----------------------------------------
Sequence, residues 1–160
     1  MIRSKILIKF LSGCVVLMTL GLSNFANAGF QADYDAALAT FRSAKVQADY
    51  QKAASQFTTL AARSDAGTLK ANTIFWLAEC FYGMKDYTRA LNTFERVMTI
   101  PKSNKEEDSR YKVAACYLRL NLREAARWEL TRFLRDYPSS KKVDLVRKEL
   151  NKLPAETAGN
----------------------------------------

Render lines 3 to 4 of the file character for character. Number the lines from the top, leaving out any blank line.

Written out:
    51  QKAASQFTTL AARSDAGTLK ANTIFWLAEC FYGMKDYTRA LNTFERVMTI
   101  PKSNKEEDSR YKVAACYLRL NLREAARWEL TRFLRDYPSS KKVDLVRKEL